In 2004 the International Court of Justice at The Hague ruled that construction of what’s often referred to as the Apartheid Wall breached international law and Israel must dismantle it and make reparation. The ICJ also ruled that “all States are under an obligation not to recognize the illegal situation resulting from the construction of the wall and not to render aid or assistance in maintaining the situation created by such construction”. Israel nevertheless continues building its hideous Wall with American tax dollars, an act of hatred against the Palestinians and a middle-finger salute to international law.
Here at home powerful Friends of Israel groups are allowed to flourish in all three main parties in the UK. Their presence at the centre of government and in the fabric of our institutions is considered unacceptable by civil society campaign groups and a grave breach of the principles of public life. The backlash to growing criticism of Israel’s stranglehold on its neighbours and increasing influence on Western foreign policy is mounting intolerance, Hence the Inquisition, which lately has been directed against Labour’s new leader Jeremy Corbyn, an easy target for orchestrated smears given his well known sympathy with the Palestinians’ struggle and his links to some of Israel’s (not our) enemies.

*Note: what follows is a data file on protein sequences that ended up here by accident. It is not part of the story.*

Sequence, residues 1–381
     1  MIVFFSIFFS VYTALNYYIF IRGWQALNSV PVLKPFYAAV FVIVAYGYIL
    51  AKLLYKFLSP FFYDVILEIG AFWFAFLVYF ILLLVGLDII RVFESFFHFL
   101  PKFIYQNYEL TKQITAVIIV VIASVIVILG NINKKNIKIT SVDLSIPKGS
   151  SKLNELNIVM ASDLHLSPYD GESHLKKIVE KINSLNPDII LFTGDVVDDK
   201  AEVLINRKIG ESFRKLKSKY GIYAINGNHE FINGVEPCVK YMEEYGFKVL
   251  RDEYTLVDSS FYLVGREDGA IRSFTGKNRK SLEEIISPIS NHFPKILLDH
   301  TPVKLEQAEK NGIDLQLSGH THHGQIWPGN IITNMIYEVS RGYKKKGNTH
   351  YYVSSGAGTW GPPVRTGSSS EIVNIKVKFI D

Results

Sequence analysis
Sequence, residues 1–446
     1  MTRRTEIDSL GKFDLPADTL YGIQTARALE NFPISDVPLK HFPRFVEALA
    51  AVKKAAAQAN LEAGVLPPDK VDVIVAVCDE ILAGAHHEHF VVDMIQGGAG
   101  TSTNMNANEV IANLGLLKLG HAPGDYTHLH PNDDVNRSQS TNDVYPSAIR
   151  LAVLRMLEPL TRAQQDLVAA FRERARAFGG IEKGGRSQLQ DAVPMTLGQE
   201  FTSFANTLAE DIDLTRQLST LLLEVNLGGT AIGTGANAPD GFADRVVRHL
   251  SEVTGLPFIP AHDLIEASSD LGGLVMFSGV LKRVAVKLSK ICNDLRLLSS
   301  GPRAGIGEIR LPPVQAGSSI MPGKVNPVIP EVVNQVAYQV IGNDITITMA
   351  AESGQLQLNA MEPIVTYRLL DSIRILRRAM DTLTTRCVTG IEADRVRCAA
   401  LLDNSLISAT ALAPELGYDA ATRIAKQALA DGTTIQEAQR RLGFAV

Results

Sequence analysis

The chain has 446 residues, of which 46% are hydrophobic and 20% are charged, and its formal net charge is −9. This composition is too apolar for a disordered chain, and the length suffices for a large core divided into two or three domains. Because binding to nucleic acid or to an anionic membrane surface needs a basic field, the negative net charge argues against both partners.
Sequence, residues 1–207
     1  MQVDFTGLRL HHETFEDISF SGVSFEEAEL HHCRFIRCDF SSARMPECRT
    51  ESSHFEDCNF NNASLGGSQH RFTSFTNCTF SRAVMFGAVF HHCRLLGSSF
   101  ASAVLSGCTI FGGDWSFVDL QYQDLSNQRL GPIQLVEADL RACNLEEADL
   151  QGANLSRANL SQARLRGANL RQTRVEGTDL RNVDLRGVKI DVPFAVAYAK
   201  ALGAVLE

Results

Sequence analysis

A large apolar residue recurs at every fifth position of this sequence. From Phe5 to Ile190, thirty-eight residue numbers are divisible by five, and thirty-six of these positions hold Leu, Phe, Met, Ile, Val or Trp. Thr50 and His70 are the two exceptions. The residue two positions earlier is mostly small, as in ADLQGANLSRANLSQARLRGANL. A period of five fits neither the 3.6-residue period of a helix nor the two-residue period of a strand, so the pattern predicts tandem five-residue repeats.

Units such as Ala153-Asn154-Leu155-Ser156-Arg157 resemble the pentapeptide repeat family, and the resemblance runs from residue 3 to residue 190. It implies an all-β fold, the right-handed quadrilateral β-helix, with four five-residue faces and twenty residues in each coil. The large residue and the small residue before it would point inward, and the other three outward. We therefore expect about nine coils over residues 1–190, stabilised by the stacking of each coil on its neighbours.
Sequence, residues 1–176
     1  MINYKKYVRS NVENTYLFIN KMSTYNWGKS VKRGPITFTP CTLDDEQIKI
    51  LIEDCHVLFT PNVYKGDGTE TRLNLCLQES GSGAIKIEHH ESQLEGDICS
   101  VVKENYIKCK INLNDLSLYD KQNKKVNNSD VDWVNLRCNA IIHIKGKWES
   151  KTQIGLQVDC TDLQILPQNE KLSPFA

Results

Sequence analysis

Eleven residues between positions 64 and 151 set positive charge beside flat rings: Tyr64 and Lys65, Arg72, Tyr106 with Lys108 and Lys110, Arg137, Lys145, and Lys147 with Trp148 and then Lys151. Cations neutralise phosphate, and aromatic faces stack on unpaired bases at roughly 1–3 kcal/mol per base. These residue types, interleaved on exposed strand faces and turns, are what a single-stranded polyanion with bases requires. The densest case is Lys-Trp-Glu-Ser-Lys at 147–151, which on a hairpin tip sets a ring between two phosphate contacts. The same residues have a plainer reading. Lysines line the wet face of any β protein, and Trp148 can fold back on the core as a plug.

The shortcomings of the Select Committee’s inquiry are obvious. Its report doesn’t properly consider the opposite view. It is half-baked. It is lopsided. It is written in whitewash.
Senegalese agro-pastoralists are striking wins against Senhuile SA, a foreign-owned agribusiness company established in Ndiaël, Saint-Louis Region of Senegal. In 2012, Senhuile obtained a 50 year lease on 20,000 hectares for a sweet potato plantation in a forest and wetland reserve, which was partially declassified to establish agribusiness activities.1 The deal threatened 9,000 pastoralists, who depend on these lands for their livelihoods. In addition to grazing their 100,000 animals (cows, sheep, goats, and horses), these lands also provide them with firewood, fruits, medicinal plants, and saps and resins.